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Short Posts of Historic Facts and Events in Illinois

Published on Friday, December 21, 2018

Naperville Parks -- Pradel Park

In completing 2018’s look at the namesakes of Naperville’s parks, let’s look at Pradel Park, named for Arthur George Pradel, Naperville’s Mayor Emeritus who passed away in September. The park is east of Route 59 and north of 111th Street and features softball fields, a playground, trails and a picnic shelter.

Father Arthur, who immigrated from Germany as a teenager, and mother Virginia bought land at Ogden and Naper Boulevard, about where the Aldi’s is now, to build themselves a house. With toddler George, they moved from Chicago and added rooms on as the family grew. George attended the one-room Bronsonville
Elementary and then Naperville Central High. His first jobs were at local grocery stores and he played in the Municipal Band. A faith-based family, they often visited orphanages and George thought he’d like to run one to care for children when he grew up.

As a young teen, George hitchhiked with a cousin to Wyoming to be a rodeo rider. After seeing cowboys thrown to the ground, they decided it was not for them, but they had a grand adventure. After graduation, he and three friends signed up for the Marines under the “buddy plan.” George served at 29 Palms in California,mainly in the motor pool.

Once back home, sister Grace and her roommate set him up with a
friend named Pat. After an awkward first meeting and a date at the stock car races, George and Pat married exactly one year later in 1960. After a couple years, George, Pat and new son George settled in Naperville where they welcomed two more children, Carol and Gary. George was working in Chicago at a warehouse during the week and volunteering with the Oak Park Terrace police department. Pat told him that if he like police work so much, why didn’t he just be a policeman? So he attended the law enforcement program at College of DuPage and applied for a job. Unfortunately, George didn’t meet the height requirement, but board member Harold Moser figured “if he’s tall enough for the Marines, he’s tall enough for us” and he got the job. Many of Naperville’s children remember him fondly as Officer Friendly.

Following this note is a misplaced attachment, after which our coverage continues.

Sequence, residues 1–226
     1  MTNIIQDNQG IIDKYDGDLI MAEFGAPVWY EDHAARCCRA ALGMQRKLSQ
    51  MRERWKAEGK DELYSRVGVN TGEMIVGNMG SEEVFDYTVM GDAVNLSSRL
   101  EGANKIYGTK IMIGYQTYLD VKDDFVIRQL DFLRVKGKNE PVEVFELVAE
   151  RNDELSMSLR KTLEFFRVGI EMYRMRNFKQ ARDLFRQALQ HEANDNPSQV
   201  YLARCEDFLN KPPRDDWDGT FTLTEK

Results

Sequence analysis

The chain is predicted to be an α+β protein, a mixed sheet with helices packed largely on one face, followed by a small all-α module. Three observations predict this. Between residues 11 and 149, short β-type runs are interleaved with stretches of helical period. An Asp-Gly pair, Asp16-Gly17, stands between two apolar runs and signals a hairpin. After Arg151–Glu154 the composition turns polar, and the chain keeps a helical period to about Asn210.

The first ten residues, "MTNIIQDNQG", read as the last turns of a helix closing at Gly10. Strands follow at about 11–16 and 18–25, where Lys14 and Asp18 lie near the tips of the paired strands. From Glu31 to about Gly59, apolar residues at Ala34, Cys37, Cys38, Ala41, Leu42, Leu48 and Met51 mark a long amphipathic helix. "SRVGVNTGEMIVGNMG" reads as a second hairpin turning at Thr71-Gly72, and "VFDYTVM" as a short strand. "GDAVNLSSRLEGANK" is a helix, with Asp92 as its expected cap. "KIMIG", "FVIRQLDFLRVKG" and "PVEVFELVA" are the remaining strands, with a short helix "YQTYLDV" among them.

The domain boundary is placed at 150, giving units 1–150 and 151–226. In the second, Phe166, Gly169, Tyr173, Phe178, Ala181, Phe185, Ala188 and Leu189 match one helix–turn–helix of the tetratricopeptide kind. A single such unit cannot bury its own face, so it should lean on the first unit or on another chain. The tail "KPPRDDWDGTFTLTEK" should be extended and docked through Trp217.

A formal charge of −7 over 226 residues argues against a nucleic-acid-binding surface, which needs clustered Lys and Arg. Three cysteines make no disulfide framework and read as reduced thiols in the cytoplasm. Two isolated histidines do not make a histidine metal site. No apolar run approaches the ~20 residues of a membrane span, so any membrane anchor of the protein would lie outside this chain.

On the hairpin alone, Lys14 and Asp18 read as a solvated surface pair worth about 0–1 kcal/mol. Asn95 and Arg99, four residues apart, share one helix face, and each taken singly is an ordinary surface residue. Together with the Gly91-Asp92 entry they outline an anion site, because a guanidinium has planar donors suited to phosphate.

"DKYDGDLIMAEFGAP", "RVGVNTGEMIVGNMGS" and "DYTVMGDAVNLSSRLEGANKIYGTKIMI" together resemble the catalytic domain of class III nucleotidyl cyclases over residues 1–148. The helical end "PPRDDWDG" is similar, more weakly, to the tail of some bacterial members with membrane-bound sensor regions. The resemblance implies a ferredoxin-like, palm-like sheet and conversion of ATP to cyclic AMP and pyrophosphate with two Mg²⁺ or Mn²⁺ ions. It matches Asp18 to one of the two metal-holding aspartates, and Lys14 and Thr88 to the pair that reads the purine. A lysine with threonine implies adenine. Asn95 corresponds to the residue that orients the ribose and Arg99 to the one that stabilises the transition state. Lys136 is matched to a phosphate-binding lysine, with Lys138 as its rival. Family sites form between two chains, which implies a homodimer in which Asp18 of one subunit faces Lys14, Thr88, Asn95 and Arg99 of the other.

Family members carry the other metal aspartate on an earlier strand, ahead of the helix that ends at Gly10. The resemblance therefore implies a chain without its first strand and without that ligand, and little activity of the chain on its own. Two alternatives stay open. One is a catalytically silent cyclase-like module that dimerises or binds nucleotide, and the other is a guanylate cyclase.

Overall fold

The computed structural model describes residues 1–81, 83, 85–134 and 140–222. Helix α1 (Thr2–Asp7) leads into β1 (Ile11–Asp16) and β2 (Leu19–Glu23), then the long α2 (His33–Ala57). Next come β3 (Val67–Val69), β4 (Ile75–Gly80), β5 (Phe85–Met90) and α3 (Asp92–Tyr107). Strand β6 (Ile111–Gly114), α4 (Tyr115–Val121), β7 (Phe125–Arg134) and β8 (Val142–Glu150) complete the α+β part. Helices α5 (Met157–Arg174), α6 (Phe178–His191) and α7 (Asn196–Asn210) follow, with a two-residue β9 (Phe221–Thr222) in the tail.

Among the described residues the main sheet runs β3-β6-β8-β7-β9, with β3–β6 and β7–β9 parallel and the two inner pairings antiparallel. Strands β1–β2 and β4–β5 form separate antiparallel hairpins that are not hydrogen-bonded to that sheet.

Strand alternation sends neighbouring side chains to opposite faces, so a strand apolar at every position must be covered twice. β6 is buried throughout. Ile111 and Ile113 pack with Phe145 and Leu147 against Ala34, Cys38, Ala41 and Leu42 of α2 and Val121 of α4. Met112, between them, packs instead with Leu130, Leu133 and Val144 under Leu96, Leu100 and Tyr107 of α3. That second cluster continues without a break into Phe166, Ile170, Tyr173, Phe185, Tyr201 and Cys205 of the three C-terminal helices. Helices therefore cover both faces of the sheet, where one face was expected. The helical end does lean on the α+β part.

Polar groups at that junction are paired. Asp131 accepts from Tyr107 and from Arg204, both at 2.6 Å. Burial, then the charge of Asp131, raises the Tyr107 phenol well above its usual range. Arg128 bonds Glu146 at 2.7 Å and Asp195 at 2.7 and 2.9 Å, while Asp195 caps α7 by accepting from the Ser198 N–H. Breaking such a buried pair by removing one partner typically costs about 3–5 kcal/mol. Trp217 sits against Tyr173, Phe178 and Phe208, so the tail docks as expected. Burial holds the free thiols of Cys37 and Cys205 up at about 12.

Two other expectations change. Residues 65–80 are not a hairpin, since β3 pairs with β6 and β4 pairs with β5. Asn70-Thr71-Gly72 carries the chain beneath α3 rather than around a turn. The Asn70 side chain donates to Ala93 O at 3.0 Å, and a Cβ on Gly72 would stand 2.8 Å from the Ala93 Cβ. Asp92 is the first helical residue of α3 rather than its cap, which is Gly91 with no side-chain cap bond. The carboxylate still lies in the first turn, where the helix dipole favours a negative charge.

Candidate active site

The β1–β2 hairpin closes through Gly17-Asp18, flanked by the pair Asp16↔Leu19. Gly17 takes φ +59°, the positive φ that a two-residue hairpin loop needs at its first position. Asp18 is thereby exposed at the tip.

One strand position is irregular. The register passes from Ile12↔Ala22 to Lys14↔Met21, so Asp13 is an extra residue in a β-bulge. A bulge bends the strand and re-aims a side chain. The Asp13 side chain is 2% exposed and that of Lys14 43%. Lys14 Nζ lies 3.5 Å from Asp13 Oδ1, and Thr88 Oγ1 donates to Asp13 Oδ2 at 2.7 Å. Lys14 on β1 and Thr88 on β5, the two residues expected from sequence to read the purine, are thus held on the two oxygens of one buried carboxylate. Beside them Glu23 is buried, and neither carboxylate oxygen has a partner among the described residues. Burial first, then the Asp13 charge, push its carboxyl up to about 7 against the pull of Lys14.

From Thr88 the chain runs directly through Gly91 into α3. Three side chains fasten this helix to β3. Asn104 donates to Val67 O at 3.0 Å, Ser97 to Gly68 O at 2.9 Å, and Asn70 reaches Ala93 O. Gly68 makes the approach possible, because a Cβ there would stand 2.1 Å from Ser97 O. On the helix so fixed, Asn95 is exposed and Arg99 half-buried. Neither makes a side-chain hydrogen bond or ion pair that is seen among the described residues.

Although he never did run an orphanage, as a juvenile officer, George frequently brought home youngsters who needed a home. He and Pat served as long-term foster parents to three teens. To support their growing family, George and Pat ran a little hotdog stand for a while called the PowWow. It was housed in the little building that was recently Lil’ J’s Bohemia until torn down with Russell’s Dry Cleaners last year. George also made donuts at Tasty Bakery before starting his shift with the police department and delivered flowers for Trudy’s since he knew the streets so well.

When retirement arrived, George figured he’d take it easy, maybe be a Walmart greeter, but some local folks asked him to run for mayor. Since he always found it hard to say “no,” George agreed — and won. Without a lot of experience, he worked hard to get up to speed as mayor of a booming city, but his best qualities were his people skills and his enthusiasm for Naperville. He was everywhere from charity functions to ribbon cuttings to council meetings and served an unprecedented five terms as mayor.

George loved Naperville and knew it well. Pradel Park is a fitting remembrance for a man who gave so much to his city and was happy to do so.
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Author: Kate Gingold Host

Categories: Brief History

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